ISO certification for Bumthang Honey

Sep 20, 2017

The chairman of the cooperative Tul Bdr. Chettri said there are many requirements for ISO certification and meeting them is a challenge.

Members of the cooperative increased to 87 this year from 67 last year.

The chairman of the cooperative Tul Bdr. Chettri said there are many requirements for ISO certification and meeting them is a challenge.

“But it is good for the brand and production process would be more hygienic,” he said. However, the challenge is that it requires more investment. He said that machines and other resources are not available locally.

For instance, the ISO certification body from Kolkata, India even specifies which cleaning soaps should be used to clean the utensil. The soap, Tul Bdr. Chettri said is only available in Phuentsholing.

Besides this, the processing plant is mandated to have standard washrooms and separate dressing rooms among others.

Beekeepers cooperative in Jalikhar. Caretaker feeds the bees
Beekeepers cooperative in Jalikhar. Caretaker feeds the bees

“Fulfilling all theses requirement are difficult but we are trying to get it done,” he said adding that the Bhutan Agriculture and Food Regulatory Authority (BAFRA) are helping the cooperative. “Additional investment will translate into an increased price of honey in the market,” he added.

The cooperative produced 18MT of honey last year and has so far harvested 15MT this year. Beekeepers said that the second harvest in September is usually low compared to the harvest in June. Honey is harvested twice in Bumthang.

“People spread rumors that we add sugar, but if we use sugar we can harvest every week,” a member of the cooperative said. He said that crystallization happens naturally when the temperature in winter drops. The imported honey is always in the liquid state because of the preservatives, the member said.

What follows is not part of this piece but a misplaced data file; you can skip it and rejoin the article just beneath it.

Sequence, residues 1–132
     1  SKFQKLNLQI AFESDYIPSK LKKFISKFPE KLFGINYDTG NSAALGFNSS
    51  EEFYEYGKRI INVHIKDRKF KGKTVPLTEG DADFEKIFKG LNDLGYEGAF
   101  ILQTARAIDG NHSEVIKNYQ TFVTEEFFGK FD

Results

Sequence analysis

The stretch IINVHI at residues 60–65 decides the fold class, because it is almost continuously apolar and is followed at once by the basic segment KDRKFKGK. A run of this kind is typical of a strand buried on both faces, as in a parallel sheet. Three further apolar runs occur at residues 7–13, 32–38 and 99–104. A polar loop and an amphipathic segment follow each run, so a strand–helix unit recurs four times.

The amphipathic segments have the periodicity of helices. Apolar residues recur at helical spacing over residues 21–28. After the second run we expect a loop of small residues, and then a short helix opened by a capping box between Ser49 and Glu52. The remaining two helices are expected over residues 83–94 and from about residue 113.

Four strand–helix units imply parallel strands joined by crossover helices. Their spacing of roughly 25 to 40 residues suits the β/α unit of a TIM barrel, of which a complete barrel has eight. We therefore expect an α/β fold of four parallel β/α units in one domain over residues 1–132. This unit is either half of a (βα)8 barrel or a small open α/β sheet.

Tul Bdr. Chettri also said that harvest is dependent on the weather and flowering season.

As for the market, he said the supply is unable to meet the demand. They supply honey to Thimphu, Paro, and Bumthang where there are more hotels.

“Sometimes people call us saying they would deposit around Nu 3M to 4M to reserve the whole stock,” he said. “But we make sure that it is distributed evenly.”

The cooperative is not considering exporting the product since meeting the local demand has been challenging.

The cooperative is also encouraging more farmers to take up beekeeping since people consider it a sin because of religious sentiments, the chairman of the cooperative said. “We go to schools and also reach out to youth out of school to encourage them to take up beekeeping,” he said. The cooperative is also giving a loan to its member at seven percent interest to promote beekeeping.

A farmer in Bumthang who has 230 hives, the largest among the members, earns about Nu 900,000 annually. The least is about Nu 50,000. Bumthang has more than 10,000 hives.

Beekeepers who are members of the cooperative are mandated to bring their harvest to the production unit run by the cooperative where bottling and labeling are done.

Farmers are paid Nu 350 a kg and after packaging and processing, the product is sold at Nu 500 a kg. A kilogram of honey can fill two 500ml of bottles. The cooperative keeps a commission of around Nu 15 a bottle.

However, bears often attack the hives. With recurring concerns raised by the farmers, the cooperative also explored the option of solar fencing. “But it's expensive,” the chairman said.

The cooperative was initially formed as an Association in 1990. Experiments with local species of bee had been done but were unsuccessful. Since Apis Melliferra, the European species was introduced, beekeeping has been a success story.